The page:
From the time you wake up in the morning until the time your head hits the pillow at night, code surrounds you. It sets your alarm off just before dawn, brews your morning cup of coffee, and helps you check your e-mail on the way to work. There is coding in almost every modern device. Anything with a computer chip runs some kind of code. Coding, also known as computer programming, is writing the language that tells your electronic devices what to do and how to do it.
Some codes are simple, some complex. The complexity of the code directly relates to the complexity of the device and the purpose of the code. The code for a simple battery-operated alarm clock is less complex than the alarm function on a smartphone or smart watch.
Learning to code is much like learning a new language. In fact, there are a wide variety of coding languages and while some may share a similar features, each is unique. There are nine coding languages that are generally more common than all others. Let’s consider a few of the reasons why you should learn to “speak” any of these languages, as well as a few of the places where you can learn them.
A quick Google search will show you that there are thousands of digital coding dialects. While a complete list of languages may never be completely compiled, comprehensive lists seem to pepper the internet. The nine most common coding languages are:
- C# (Sharp)
- SQL (Sequel)
Experienced coders often argue about which code in the above list is the most valuable to know. Deciding which language you should study will depend on the purpose for which it is being used. Some languages work only within certain operating systems. Others are only used to create online programs or apps.
If you are looking to learn coding, it’s important to first identify what you want to accomplish before you dive into learning a specific code.
Why coding is important
There are many different reasons to learn code. Listed below are four of the most important reasons.
Understand how your world works
Learning to code helps to illuminate how the electronic world works, virtually speaking of course. Coding runs the technology we carry with us each day. As our technology advances, a basic understanding of how your devices talk to each other will actually increase your ability to use your devices to their fullest. When miscommunication occurs between your Android phone and your Apple TV, you will have the knowledge to fix the issue.
Building and maintaining websites
Everyone has a website these days. Whether they are creating a blog or running a small business, everything has a presence online. Knowing how to code will help you create, maintain, and improve personal and professional websites.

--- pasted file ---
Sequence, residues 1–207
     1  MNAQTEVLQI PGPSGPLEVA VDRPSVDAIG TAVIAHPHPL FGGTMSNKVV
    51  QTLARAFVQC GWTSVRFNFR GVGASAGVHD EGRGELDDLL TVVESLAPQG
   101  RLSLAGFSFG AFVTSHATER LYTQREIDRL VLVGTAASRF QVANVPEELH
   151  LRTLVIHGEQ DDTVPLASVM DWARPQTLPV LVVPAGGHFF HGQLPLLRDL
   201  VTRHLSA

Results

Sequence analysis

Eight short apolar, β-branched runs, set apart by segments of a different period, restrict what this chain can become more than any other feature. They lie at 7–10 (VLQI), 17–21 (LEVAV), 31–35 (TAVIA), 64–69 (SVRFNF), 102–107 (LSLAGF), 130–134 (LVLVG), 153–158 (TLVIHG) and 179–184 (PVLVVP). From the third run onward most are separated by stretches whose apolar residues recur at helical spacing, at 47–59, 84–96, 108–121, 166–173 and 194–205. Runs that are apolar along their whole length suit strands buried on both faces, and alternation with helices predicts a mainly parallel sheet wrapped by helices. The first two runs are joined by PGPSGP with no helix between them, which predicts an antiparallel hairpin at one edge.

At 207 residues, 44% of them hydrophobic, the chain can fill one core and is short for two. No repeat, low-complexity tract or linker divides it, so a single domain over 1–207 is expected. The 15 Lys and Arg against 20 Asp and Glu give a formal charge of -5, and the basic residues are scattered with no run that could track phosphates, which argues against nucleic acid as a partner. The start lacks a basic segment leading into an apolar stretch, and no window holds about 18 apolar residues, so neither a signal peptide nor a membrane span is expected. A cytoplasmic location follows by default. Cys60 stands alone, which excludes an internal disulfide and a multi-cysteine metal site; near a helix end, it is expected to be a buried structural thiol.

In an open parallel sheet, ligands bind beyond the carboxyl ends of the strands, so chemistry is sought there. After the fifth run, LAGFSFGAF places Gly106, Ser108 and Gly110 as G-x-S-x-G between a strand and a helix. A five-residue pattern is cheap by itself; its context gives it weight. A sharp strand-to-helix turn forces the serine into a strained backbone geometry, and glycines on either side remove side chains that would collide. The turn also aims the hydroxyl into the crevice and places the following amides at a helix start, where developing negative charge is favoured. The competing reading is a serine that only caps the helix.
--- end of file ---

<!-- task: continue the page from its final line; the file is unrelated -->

As I mentioned before, learning to code is like learning a new language. And if you are not adept at learning new languages, then learning code can be difficult. The upside to doing anything that is difficult is the sense of accomplishment that comes when you gain mastery over it. With increased confidence, comes a knowledge of your true value.
Wise professionals are always looking to make themselves more valuable. This is more true in the corporate world than maybe any place else. Degrees and certificates tell current and future employers that you possess certain skills. But showing those employers what your skills can do for their business is far more valuable. When you know how to code you will also increase your potential salary. Remember to keep a portfolio of your work to prove your skill.
Where do I learn to Code?
You can learn to code in a classroom environment or online. Most accredited universities offer a bachelor’s degree in computer programming. Some universities even offer master’s and doctoral degrees in these subjects. In most undergraduate programs, students gain some experience with each language. How much you focus on each language will depend on the coursework required by the university and professor.
An alternative to classroom learning is online learning. There are thousands of online universities and instructional sites where you can learn the various languages of code — many of them free. These institutions are more likely to focus on individual languages and enable students more time to completely understand the subtle nuances of a particular form of coding.
Sites like Codecademy, Codewars, and DevTips offer excellent free courses. Some sites offer certifications in the languages studied or a general certification of understanding. These certifications are often site specific and may not carry the same weight in the industry.
While there are many excellent certifications available, some certifications might be more valuable to have than others. The value of specific certification will depend on whether the organization you work for values that ability. One widely recognized certification is the Microsoft Certified Solutions Developer (MCSD). An MCSD-credentialed individual is trained to create apps for Windows products. Other widely recognized certifications come from Amazon Web Services, Devops, and Google Apps and are seen as excellent credentials to have.
Information technology is a rapidly evolving field. Just as coding certificates that were popular five years ago are not as useful today, the certifications of today may not be as useful tomorrow. It’s important to remember that, whatever certification you pursue, keep your eyes open for the next breakthrough in technology.
If you follow trends within the digital world, you will be able to stay up-to-date on which coding languages are the most sought-after in the current market. Regardless of where you decide to study computer programming, your ability to code will depend entirely on your drive to learn more. Even the best educated coders need practice and hands-on experience with the work to get better.